Does being involved in such different mediums – film, voiceover, theatre – give you different shades of ‘acting’?

Yes, and the things you learn from one thing help you in another. I got very into puppetry for a while and toured the world doing it, and it’s only much later when you’re doing something more text-based, that you suddenly realise the connections. Through the course of your career start putting things together in unexpected ways. It’s really fun. We’ll be performing in Guernsey a couple of weeks after Cardiff, and it’ll be interesting to see what different audiences react to. Different places have a different sense of humour. I’m really excited to see how Cardiff audiences will respond to it!

Daniel Rainford in When Darkness Falls

Is there something that really surprised you about being part of this show?

In the early part, I thought it was going to be very lonely as there’s not many people backstage. And while it can be lonely at times, I’m surprised by how much warmth and humour there is; a real camaraderie to the show and I feel very included in that. Theatre can sometimes be quite hierarchical: my first job was understudying in a show that had enormous stars all the way down to new graduates fresh out of Drama School, and there was quite a lot of hierarchy to that. Here, though there’s a difference in age between all of us, it feels like we’re working on this together. Especially after everything we’ve been through the last few years, it’s nice to be part of a family again.

What’s it like working with a household name like Peter Duncan?

I’m not quite in the generation that grew up with Peter, but in my generation of Blue Peter presenters they would talk about his adventures, like him scaling Big Ben. There are lots of stories and ancedotes that Peter is just brilliant at: listening to him, you get the sense that Peter would go over to someone and say ‘I’ll give you a Blue Peter badge if you help my friend’. It feels like a skill we could all do with!

What’s coming up for you after this tour?

I’ve spent a long time writing a musical called The Wicker Husband, which opened at the Watermill Theatre earlier this year, and hopefully it will have a future life as it’s a beautiful thing. Do keep an eye out for it: it’s about an old basket maker deep in the swamp who weaves creatures out of wicker who come to life, and he weaves a beautiful husband for a girl who everyone thinks is ugly, so much so that she thinks herself that she’s ugly. Throughout the course of this beautiful musical, she learns that there’s no such thing as ugly; that ugliness isn’t something you can see.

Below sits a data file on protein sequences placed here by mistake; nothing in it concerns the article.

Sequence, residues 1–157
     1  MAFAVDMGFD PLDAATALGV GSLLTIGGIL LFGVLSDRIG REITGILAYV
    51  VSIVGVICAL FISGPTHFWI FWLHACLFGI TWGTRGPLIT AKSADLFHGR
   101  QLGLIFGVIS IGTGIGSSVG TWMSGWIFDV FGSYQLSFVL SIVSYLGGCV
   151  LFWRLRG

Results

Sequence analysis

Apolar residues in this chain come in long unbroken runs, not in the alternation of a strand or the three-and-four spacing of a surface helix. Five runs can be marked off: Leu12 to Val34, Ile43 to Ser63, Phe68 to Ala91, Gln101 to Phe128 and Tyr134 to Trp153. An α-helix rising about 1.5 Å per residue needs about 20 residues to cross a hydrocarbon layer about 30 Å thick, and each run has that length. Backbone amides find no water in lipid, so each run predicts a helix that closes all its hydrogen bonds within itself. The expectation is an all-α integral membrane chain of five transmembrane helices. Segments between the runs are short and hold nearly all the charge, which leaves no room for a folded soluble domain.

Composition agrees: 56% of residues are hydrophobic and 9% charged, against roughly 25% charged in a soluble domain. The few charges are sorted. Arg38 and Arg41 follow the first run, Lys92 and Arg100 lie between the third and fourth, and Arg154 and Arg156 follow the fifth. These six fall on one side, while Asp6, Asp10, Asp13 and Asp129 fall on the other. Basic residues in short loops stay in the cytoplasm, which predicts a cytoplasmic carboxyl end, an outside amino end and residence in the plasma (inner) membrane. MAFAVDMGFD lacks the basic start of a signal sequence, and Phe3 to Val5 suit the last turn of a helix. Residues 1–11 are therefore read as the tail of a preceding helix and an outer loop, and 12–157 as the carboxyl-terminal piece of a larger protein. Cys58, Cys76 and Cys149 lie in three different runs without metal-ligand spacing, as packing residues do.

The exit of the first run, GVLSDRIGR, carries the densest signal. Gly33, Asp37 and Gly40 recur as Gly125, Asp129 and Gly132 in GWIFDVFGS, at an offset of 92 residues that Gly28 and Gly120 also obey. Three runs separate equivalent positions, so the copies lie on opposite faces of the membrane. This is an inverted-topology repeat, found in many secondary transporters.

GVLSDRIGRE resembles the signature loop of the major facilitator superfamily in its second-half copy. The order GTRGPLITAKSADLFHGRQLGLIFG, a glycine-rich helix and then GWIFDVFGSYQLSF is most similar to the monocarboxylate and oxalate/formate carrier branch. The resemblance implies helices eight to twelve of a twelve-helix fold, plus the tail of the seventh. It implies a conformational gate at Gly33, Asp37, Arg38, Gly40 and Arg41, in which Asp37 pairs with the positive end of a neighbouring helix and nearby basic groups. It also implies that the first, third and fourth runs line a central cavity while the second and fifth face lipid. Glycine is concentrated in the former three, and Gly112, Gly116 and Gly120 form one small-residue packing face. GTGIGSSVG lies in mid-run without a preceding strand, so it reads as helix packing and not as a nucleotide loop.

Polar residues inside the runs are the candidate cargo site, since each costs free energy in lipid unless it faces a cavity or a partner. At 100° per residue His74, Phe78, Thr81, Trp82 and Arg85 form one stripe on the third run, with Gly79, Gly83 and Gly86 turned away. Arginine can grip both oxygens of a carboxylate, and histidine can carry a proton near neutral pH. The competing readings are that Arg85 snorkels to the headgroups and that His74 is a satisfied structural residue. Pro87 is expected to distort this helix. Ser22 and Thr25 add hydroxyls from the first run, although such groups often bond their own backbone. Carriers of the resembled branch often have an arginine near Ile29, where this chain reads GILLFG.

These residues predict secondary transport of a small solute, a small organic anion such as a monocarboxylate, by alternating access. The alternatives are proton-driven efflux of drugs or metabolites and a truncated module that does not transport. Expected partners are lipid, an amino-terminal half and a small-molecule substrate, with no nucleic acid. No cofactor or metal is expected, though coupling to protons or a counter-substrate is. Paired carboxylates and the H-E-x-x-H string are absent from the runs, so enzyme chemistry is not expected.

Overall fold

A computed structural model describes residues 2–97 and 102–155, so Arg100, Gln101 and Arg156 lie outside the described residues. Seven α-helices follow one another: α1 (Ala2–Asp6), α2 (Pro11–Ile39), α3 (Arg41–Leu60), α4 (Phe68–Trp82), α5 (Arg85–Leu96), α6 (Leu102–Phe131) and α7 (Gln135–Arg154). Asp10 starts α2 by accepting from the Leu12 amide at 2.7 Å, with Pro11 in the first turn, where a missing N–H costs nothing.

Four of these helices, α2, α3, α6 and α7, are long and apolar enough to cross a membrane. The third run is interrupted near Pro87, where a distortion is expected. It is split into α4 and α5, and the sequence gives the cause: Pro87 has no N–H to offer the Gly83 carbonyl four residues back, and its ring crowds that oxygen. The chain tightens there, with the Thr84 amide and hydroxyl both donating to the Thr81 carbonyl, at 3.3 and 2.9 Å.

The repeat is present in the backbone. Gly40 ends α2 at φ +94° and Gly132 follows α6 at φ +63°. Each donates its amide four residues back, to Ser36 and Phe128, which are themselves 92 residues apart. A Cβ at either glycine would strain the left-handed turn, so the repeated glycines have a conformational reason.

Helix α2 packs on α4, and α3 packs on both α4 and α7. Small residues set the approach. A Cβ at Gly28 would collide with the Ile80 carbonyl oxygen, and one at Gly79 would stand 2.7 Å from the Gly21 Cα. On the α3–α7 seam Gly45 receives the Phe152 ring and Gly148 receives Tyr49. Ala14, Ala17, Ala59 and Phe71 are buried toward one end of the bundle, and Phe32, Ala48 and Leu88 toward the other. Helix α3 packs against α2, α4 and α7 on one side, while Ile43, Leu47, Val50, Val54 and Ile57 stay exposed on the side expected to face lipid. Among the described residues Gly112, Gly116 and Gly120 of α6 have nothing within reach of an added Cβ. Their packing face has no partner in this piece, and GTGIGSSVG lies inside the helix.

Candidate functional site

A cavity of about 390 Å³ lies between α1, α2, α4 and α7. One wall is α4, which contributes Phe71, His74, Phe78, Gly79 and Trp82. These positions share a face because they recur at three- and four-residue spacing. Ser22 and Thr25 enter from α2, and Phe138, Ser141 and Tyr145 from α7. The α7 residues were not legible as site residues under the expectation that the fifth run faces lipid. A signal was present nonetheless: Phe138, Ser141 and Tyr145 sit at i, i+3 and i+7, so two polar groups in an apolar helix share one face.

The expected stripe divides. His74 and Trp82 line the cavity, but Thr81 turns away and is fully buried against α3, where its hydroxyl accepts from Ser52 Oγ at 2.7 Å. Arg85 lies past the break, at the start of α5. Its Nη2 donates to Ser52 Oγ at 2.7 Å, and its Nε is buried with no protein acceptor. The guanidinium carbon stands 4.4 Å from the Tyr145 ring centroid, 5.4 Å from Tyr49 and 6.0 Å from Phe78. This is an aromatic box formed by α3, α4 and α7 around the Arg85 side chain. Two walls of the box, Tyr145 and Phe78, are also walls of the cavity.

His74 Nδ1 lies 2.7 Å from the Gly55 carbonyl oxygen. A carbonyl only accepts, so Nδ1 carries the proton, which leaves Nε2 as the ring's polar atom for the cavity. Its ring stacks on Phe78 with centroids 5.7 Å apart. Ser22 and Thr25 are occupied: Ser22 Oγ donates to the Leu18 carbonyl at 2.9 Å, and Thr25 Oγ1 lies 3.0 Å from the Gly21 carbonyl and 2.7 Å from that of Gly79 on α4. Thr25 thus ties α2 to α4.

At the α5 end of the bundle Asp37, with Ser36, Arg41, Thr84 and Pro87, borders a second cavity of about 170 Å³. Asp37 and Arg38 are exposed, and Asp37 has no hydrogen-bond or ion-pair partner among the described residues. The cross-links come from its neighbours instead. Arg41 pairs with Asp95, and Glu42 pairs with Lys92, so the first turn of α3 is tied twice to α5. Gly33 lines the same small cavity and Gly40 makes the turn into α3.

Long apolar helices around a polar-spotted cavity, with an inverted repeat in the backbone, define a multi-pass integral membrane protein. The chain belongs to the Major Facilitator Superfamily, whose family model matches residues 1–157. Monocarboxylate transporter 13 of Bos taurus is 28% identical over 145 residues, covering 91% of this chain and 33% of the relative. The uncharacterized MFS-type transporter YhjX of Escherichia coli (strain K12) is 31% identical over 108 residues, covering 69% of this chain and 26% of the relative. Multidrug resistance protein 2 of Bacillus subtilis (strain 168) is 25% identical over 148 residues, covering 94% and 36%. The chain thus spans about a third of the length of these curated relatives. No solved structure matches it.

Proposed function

Three words that sum up When Darkness Falls for you.

Surprising, suspenseful, curious.

Do you believe in ghosts?

Do you?

Yes.

Do you really? That line actually pops up in the play.

Do you think that audiences will believe in ghosts after this show?

I think those that are skeptical will be more open to the idea that ghosts can mean. ‘What are ghosts?’ is an interesting question to go in with.

Thank you, Rhys – we can’t wait for the show!

INTERVIEW WITH JAY OSMOND, THE OSMONDS: A NEW MUSICAL UK TOUR

What follows is Vicky Edwardssyndicated interview with Jay Osmond.

Jay Talking
They say you should never meet your heroes, but seriously? I mean, asking a 70s kid to interview an ACTUAL Osmond? The guy who sang Crazy Horses?  WILD horses wouldn’t have stopped me.

Any fears about heroes having feet of clay prove unfounded. Jay Osmond is lovely.  Meeting me to chat about the World premiere of The Osmonds: a New Musical, I’m curious about the show he calls a ‘living memoir.’

“I wrote this book called Stages about my life. It turned into more of a travelogue, so I always wanted to do a backstage version that included not only the good times, but the bad and sad times too,” he explains.

A friend and producer of Jay’s had an idea. “He said ‘why don’t you write a living memoir and put it on stage?’ And I thought ‘Exactly!’ I have always loved the stage – for me it was one last frontier to conquer.